Think of it this way. Back in the 1970s, the F-15 Eagle was the most advanced, powerful fighter of all time. (Spooked by misunderstanding the MiG-25, but that’s neither here nor there). An unprecedented 20% of the F-15’s systems were electronic. Today, the F-35 (averaging over the 4 blocks and the 365 to be procured, down from 1,600) sports 90%. The F-22 is 70%. Naval platforms, including the new Gerald Ford (now, now) class carriers as well as the smaller LCS class show similar increases. Americans tend to think of this as increased capability. And it is. But it’s also vastly expanded vulnerability. DARPA and DoD generally concede America can not defend her computer networks (including contractors’) from foreign intrusion, shifting instead to ‘point defense’ of critical information rather than networks as a whole. Now imagine that problem for all of these platforms.

Asians will look not just at how Air-Sea Battle doctrine evolves but the electronic and cyber packages that are deployed with the above mentioned platforms. Whether it be in increased information fusion, tactical (jamming and spoofing missiles, etc.) and operational (system penetration and takedown) skills, U.S. presence and actual A2AD capabilities will determine the credibility of the American Pacific commitment.


Another clue about America’s Pacific seriousness is how she handles Afghanistan. America (and thus NATO) is scheduled to begin draw down in 2014. This summer will mark probably the last full offensive campaign. Will America be smart enough to leave?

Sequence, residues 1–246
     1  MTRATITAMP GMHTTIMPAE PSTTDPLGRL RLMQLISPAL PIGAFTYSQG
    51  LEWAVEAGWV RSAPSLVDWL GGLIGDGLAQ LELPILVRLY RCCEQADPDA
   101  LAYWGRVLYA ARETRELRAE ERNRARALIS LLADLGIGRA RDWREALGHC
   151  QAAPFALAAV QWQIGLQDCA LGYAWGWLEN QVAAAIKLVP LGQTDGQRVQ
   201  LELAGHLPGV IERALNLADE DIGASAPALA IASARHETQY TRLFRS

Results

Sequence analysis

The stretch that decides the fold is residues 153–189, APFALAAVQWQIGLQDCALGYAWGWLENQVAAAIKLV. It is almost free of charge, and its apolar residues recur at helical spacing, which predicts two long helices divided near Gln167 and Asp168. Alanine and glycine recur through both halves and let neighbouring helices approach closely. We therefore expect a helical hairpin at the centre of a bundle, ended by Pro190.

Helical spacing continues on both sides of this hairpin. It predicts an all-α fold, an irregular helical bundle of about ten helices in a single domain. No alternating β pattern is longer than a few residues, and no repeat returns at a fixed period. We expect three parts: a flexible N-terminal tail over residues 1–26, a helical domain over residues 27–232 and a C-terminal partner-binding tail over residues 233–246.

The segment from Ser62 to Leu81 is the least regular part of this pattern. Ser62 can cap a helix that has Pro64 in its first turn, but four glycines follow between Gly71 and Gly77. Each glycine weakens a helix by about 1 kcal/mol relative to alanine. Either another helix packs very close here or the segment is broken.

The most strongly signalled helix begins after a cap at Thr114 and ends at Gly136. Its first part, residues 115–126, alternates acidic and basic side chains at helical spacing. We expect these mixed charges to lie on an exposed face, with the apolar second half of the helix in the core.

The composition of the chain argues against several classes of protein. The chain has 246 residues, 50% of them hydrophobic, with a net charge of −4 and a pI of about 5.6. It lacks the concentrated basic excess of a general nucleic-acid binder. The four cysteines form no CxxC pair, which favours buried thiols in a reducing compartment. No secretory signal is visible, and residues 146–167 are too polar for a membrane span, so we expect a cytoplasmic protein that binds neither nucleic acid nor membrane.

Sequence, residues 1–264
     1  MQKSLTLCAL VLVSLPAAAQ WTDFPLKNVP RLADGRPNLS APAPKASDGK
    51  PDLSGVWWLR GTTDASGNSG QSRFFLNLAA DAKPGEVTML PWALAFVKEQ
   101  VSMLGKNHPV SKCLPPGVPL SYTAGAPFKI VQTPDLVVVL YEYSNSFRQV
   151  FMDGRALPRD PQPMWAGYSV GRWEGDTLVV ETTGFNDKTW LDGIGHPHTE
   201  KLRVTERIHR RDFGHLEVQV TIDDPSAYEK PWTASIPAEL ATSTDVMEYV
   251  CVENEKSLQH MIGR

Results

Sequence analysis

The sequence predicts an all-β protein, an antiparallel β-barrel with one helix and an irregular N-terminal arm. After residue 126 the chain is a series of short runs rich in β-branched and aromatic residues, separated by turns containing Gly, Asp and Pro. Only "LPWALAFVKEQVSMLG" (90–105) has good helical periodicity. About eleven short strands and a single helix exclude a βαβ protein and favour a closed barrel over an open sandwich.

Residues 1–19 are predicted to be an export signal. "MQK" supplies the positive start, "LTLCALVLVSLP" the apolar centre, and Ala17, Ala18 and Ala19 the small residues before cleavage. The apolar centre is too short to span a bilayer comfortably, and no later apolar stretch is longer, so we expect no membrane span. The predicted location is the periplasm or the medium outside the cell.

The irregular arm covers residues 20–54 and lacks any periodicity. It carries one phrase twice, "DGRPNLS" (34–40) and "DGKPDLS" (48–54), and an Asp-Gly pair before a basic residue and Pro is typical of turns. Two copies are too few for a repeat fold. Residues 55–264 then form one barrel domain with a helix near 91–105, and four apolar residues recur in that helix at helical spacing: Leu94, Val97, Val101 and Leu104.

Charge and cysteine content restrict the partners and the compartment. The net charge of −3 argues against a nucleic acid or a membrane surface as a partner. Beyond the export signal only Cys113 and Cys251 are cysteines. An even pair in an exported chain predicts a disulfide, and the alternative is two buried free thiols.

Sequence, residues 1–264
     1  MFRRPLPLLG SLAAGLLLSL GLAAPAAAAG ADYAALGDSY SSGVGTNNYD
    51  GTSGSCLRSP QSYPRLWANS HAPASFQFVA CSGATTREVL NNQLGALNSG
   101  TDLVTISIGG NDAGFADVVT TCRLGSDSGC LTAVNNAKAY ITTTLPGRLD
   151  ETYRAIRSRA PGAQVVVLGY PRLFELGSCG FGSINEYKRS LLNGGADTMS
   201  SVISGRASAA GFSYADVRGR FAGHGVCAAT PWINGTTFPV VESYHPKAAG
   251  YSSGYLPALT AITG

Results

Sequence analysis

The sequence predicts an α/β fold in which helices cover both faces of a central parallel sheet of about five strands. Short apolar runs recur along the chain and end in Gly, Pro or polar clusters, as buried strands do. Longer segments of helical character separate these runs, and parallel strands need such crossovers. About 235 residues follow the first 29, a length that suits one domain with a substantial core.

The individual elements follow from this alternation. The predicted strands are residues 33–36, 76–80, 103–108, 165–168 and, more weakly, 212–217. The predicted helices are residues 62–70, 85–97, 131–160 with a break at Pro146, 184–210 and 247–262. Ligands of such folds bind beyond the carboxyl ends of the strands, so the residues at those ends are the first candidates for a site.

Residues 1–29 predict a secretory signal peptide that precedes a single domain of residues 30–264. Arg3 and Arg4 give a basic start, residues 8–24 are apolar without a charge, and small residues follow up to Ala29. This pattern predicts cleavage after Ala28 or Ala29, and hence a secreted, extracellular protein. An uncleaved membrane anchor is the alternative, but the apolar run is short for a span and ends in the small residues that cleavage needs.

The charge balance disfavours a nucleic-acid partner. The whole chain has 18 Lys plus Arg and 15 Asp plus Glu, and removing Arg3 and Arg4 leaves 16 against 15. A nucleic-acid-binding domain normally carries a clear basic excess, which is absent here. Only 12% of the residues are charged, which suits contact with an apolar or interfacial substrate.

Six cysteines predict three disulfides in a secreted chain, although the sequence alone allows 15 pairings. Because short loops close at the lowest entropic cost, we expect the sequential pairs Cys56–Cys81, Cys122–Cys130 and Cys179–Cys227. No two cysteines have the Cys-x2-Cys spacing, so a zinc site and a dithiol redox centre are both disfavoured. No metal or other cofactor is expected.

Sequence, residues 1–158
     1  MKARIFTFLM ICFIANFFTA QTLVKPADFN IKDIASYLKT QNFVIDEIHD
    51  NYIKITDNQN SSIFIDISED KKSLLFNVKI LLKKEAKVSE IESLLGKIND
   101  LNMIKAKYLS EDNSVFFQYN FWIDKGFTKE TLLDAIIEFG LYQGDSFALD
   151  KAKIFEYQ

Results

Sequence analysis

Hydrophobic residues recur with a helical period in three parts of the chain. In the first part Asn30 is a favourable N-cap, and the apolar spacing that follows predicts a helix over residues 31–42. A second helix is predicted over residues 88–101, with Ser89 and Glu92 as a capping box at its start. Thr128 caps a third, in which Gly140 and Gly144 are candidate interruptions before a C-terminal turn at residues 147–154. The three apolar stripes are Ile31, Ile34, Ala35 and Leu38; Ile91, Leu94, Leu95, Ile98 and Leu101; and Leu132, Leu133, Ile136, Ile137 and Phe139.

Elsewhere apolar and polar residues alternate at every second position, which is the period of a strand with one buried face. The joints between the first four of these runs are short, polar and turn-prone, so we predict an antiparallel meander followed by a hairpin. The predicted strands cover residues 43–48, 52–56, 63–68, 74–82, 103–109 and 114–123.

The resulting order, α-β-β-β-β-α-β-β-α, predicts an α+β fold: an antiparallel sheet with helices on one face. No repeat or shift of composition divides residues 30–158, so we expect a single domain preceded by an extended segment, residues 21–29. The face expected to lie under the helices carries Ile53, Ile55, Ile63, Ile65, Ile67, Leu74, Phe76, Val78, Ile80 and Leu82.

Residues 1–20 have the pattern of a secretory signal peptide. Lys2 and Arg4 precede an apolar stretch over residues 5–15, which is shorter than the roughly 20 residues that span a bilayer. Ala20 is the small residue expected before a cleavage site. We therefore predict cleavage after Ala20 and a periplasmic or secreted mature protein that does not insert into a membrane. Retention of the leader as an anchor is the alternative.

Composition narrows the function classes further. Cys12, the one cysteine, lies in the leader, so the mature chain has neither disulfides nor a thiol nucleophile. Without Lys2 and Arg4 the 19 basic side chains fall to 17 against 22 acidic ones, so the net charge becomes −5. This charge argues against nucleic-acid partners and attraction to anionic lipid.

Putin last week addressed his Duma and defended his decision to allow NATO logistical access to Afghanistan, notably in the town of Lenin’s birth, Ulyanovsk. Putin declared ‘God bless ’em’ (NATO) for fighting. Otherwise it would be Russians doing it along the Tajik border. Similarly, Beijing and Moscow also now fret at the Shanghai Cooperation Council (SCO) about an American withdrawal, seeking to ensure (ensnare) a continued American presence. Talk about free riders.

A wise America would transfer Afghanistan’s non-international terrorism domestic future (and its costs) to Moscow, Beijing and Islamabad’s lap. A modified version of the old Counter Terrorism vision contra COIN. Who thinks that actually will happen?


  1. says

    As aside, House tries to shut down military use of alternate energy.


    Putting this here, but was tempted to start a new post on recent House defense irrationalities.

  2. says

    First ever Russian-Chinese naval exercises as Marines finally leave Okinawa for Guam, Hawaii and parts-yet-to-be-determined. Given inevitable Chinese directed fire capabilities, a base in Okinawa may have become a hostage rather than an asset soon. The dance continues.

    On the ISR front, the Air Force is now making a big push that its airframes are wearing out. Expect to see this ‘crisis’ join the budget cutting circus. Technophiles argue the answer is cheap, distributed sensor grids with automated, cheap unmanned nodes. Riddle us this Batman, have you ever met *anyone* who claimed they had more than enough bandwidth?

    Addendum: Platforms, supra, refers to AWACs, C-130s, etc. excepting RC-135s. The bandwidth reference relates to an inevitable bottleneck for any proposed alternative automated distributed structure. Although in truth manned or unmanned, spectrum needs will be insatiable.